Nursing home operators have filed a federal lawsuit attempting to block a New York law mandating certain staffing requirements. The law, passed last year and set to go into effect this year, would require nursing homes in the state to “to spend at least 70% of their revenue on direct resident care, and at least 40% on staff who deal with residents,” according to a report by the Times Union.
The lawsuit was filed last week in a US District Court in Albany, New York, alleges that the law is unconstitutional. A civil rights complaint, it alleges that the law violates the Constitution’s Supremacy Clause “by confiscating federal dollars flowing to nursing homes through Medicare, the federal health care program for the elderly.” According to the Times Union, “more than 250 nursing homes as well as trade groups are named laws plaintiffs,” while Health Commissioner Mary Bassett is named as defendant.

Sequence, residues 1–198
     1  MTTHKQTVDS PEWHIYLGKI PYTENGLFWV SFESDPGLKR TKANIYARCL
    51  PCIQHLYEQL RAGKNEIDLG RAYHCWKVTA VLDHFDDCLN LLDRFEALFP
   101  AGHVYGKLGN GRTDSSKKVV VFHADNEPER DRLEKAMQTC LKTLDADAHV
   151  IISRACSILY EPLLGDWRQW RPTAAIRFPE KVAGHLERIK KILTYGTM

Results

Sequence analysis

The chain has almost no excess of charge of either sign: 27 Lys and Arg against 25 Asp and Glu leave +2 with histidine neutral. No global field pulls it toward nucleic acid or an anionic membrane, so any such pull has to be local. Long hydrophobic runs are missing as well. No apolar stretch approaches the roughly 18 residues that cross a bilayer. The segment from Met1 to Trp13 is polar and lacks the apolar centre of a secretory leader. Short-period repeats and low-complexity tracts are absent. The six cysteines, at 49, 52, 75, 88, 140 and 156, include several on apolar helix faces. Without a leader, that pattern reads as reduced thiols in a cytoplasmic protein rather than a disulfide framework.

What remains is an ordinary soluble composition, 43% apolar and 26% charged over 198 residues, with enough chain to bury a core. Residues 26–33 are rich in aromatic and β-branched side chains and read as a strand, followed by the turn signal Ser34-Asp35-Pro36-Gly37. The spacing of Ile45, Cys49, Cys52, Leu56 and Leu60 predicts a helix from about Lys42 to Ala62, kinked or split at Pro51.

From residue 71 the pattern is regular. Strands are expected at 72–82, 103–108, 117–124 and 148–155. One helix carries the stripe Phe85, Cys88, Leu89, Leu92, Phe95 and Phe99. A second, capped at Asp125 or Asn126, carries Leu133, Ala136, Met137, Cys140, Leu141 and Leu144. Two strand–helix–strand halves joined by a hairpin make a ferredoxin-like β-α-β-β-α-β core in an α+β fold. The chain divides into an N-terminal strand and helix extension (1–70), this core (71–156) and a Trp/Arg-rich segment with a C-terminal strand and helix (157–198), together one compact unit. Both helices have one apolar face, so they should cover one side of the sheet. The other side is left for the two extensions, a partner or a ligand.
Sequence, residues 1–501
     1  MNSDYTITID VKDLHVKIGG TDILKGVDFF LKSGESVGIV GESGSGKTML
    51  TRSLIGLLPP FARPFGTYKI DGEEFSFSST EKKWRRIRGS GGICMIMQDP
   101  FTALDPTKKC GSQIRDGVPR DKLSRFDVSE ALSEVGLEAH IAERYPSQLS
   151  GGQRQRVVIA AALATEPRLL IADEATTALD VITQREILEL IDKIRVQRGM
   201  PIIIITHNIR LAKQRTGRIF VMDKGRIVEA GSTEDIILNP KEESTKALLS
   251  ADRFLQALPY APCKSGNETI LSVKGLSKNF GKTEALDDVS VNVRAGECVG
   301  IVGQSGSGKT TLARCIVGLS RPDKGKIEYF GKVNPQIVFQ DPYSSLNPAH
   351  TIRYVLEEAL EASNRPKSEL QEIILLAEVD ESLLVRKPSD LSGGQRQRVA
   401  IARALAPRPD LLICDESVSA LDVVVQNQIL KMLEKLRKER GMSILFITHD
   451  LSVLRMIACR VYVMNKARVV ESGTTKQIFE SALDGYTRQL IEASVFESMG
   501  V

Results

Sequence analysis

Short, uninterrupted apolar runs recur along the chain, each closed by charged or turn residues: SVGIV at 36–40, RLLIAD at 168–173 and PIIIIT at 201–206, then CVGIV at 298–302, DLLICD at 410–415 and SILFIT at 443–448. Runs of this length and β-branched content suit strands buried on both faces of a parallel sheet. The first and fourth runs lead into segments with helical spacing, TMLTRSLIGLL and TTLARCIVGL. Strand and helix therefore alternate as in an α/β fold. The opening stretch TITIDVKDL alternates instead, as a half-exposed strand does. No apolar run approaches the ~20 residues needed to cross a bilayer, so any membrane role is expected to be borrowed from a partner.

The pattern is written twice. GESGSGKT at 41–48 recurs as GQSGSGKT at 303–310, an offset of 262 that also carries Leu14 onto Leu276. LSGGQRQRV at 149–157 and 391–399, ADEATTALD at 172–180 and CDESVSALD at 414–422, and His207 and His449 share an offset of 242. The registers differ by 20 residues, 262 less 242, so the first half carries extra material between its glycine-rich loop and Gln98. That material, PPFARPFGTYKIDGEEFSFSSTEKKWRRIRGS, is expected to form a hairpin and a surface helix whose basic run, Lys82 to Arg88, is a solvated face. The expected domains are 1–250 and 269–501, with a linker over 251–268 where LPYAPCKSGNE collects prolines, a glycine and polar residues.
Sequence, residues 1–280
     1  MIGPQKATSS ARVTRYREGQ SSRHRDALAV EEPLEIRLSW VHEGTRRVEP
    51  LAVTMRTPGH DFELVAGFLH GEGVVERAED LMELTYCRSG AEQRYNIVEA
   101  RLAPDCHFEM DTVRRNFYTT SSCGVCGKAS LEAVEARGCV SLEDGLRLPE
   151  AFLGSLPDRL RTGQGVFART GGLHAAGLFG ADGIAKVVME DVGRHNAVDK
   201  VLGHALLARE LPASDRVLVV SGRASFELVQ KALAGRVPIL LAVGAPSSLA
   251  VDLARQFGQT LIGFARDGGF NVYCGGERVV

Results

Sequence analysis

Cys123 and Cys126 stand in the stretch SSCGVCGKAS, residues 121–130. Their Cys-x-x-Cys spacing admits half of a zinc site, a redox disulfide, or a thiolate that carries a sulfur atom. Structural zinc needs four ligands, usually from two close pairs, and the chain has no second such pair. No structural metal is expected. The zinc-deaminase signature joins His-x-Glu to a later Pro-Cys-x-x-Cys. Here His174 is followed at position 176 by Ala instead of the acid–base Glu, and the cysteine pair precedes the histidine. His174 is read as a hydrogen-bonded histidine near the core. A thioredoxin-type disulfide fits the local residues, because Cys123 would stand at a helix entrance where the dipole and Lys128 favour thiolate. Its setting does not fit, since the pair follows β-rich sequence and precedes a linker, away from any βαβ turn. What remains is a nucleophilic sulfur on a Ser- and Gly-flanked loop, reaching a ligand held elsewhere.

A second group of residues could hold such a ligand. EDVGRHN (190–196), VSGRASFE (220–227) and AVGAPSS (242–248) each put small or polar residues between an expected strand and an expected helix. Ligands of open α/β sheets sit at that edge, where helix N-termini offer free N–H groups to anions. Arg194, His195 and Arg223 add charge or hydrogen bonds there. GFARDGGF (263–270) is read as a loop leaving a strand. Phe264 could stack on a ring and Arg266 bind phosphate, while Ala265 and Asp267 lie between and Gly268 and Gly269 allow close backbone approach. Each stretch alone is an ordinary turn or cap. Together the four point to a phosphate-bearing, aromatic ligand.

The law would result in approximately $500 million more in spending on resident care, according to a nursing home workers’ union. It would also set a ceiling for potential operator profit at 5%, mandating that operators “redirect any excess funds into the state’s nursing home ‘quality pool.'” The quality pool is a fund designed to “reward nursing homes” that meet various standards for high quality care.
The CEO of the New York State Health Facilities Association said in a statement to WROC that the law would place unfair burdens on nursing homes facing dire financial difficulties caused by the Covid-19 pandemic. “It ignores those issues, it ignores the unique nature of every nursing home in the state of New York, and just seeks to take money,” he told WROC. According to both the Times Union and WROC, the plaintiffs also argue that state officials have failed to release any guidance specifying how the law would be enforce.
The attorneys at the Law Offices of Thomas L. Gallivan, PLLC work diligently to protect the rights of nursing home residents. Please contact us to discuss in the event you have a potential case involving neglect or abuse.